Published in the Australian Financial Review, December 19, 2019
For the past week the headlines have been dominated by bushfires and Brexit, blackouts and Boris. Another heatwave, another disappointing UN climate talks.
It’s easy to have missed the red warning light that started blinking last week in the control room at the Department of Foreign Affairs and Trade (DFAT). The Europeans are on the move, taking the first shy steps towards using carbon emissions as a justification for trade protectionism.
European politics is like an episode of Grand Designs, but with the cast of the Sopranos: lofty ambitions backed by charming menace.
Last week new European Commission President Ursula von Leyden launched the European Green Deal. Modestly described as “Europe’s man-on-the-Moon moment, it branding is to put climate and environment at the centre of what she hopes will be a new unifying force in EU politics.
The mechanics are unsurprising: full European carbon neutrality by 2050, requiring a ratcheting of the current 40 per cent emissions reduction target by 2030.
This is estimated to require around $420 billion (EUR260 billion) of new investment every year for the next three decades. The focus of the European Investment Bank will be pivoted to help deliver this transformation.
One of the key policy tools to support this will be the resuscitated European emissions trading scheme. Announced in 2000 and first implemented in 2005, the carbon price was effectively switched to simmer after the global financial crisis.
A dormant carbon price has been as unsettling for investment in Europe as the climate policy parlour games have been in Australia. Last year the European Commission finally managed to tighten the market, sending the price of carbon in Europe to more $40 a tonne.
The problem is Europeans are paying for greenhouse emissions, but most of their trading partners aren’t. The Green Deal wants to protect European goods that have paid for their carbon, by introducing a carbon-border tax on imports that haven’t.
The scope of such a border tax has typically not been specified, but is expected to start with a few key sectors like steel and cement, and expand over time. It’s also likely to divide European industry: support from trade-exposed steel mills and smelters and opposition from manufacturers who will have to pay more for some imports.
European politics is shaped by complex horse trading between member nations. Where the idea of a carbon border tax end up is anyone’s guess. But it’s on the table.
It will wash well with the Greens who are both increasingly influential in Europe and dubious of the benefits of free trade and market economics.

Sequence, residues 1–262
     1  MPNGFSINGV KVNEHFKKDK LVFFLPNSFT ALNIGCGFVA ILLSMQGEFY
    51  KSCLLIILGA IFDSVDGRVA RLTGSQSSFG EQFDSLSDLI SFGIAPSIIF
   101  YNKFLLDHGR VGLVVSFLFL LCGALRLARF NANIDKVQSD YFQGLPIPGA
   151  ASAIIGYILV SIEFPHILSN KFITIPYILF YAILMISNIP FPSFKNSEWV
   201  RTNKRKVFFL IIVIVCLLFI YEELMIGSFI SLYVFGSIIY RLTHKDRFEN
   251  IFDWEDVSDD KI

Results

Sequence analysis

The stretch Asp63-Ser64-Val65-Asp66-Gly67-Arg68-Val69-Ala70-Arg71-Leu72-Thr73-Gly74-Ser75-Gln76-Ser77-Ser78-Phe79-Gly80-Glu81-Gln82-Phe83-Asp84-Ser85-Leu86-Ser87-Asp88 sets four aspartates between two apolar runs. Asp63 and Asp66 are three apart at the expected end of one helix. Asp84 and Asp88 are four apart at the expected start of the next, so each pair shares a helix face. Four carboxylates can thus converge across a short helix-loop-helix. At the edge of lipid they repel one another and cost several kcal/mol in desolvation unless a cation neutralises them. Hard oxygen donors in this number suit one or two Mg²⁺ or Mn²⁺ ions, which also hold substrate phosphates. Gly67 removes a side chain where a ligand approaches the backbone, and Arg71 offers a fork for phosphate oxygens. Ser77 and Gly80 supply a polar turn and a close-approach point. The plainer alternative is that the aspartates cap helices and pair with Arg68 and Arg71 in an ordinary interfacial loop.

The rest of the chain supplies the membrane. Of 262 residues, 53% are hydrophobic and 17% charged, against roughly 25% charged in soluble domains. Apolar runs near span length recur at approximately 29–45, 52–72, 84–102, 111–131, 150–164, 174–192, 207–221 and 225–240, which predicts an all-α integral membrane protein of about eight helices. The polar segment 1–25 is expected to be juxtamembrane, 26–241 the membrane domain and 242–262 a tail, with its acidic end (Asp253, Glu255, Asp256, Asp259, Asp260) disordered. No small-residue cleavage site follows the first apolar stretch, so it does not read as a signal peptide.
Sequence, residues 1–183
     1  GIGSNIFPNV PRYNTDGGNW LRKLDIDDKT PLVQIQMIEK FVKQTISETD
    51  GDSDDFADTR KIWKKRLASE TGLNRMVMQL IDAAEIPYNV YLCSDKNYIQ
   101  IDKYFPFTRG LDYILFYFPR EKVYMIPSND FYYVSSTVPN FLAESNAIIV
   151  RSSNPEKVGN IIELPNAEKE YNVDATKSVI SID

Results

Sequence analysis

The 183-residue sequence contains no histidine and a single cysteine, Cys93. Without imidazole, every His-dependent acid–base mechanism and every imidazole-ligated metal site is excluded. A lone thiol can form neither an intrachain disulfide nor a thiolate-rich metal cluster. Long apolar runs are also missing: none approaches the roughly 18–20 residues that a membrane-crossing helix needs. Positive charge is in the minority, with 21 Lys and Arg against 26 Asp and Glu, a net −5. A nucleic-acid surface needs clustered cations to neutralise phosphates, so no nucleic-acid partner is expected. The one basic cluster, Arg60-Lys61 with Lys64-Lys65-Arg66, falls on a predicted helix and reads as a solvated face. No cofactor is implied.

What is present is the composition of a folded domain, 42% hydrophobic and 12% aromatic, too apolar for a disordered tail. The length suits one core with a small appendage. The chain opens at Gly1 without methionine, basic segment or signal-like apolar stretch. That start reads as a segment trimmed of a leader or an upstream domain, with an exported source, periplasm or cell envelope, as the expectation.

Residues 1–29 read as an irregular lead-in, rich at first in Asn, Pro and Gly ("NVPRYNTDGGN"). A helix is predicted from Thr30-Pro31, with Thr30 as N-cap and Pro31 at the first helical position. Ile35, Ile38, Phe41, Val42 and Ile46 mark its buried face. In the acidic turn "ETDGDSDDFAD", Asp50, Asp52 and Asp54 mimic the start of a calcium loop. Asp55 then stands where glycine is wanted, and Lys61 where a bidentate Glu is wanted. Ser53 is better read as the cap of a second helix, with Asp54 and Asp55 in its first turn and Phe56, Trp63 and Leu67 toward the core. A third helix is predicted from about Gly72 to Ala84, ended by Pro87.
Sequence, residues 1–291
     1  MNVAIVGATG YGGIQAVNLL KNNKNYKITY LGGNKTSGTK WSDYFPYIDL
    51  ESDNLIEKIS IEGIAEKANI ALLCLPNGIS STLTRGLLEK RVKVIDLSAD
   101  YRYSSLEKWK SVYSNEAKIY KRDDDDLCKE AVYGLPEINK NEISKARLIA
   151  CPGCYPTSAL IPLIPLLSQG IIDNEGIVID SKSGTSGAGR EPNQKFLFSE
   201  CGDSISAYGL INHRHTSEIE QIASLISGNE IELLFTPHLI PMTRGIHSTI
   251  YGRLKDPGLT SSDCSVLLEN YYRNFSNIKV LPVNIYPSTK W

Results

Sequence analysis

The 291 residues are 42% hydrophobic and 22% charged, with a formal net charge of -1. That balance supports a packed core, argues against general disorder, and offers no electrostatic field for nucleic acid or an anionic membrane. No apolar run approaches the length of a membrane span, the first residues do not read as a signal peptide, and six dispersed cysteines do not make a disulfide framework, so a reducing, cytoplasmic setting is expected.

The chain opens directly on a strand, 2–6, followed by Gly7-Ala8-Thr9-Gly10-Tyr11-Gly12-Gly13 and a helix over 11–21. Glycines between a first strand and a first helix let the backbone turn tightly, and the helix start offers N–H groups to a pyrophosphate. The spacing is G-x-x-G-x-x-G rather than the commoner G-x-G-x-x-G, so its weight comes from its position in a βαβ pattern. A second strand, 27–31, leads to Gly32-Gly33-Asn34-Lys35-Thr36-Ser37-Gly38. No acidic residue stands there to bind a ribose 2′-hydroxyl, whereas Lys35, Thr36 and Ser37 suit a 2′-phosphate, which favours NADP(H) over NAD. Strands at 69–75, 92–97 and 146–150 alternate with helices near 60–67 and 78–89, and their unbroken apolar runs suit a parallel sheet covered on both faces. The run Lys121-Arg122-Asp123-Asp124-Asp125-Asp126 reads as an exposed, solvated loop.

European sensibilities around protectionism will be further diminished by the imminent Brexit. In the early 90s a young Boris Johnson was reporting from Brussels for London’s Daily Telegraph newspaper about the absurdities of European bureaucracy and regulation. In reality the UK was quietly but effectively shifting Europe towards a much less insular, more global outlook.
The UK saw Europe as a common market rather than a political union. It actively promoted the expansion of the EU into Scandinavia and then the eastern bloc countries, increasing its value as a trading block while weakening political unity and the ability subsidise and protect its markets.
The linguistic propensities of these new members had the added effect of quietly shifting the EU lingua franca from French to English.
The idea of a carbon border tax has already been touted by most of the Democrat front runners in the US Presential race as a more principled antidote to the perceived threat of Chinese imports, even though the US doesn’t have a carbon price to justify its implementation.
This trans-Atlantic appeal suggests protectionism is hitting a sweet political spot across a growing spectrum of voters who cannot recall the benefits of hard fought trade negotiations in the late 20th century.
The debasing of trade wars into political theatre has already been actively exploited by the White House. In an administration where every week feels like a new episode of The Apprentice, conflict is eagerly sought.
Countries and their leaders are being repeatedly fired only for a disagreement to be resolved in some unspecified new deal which is always great for America.
It may be vaguely amusing but the rise of protectionism and the growing global antipathy towards free trade should be concerning for a small, open, emissions-intense economy like Australia.
When the UK turned to Europe in the 1970s, Australia was forced to find new markets for its exports and turned to its fast growing Asian neighbours. The risk and impact of a trans-Atlantic carbon trade war remains distant for now.
It’s a risk best managed by getting out of the firing line and reducing our emissions intensity. That is if the bushfires and the blackouts aren’t enough motivation already.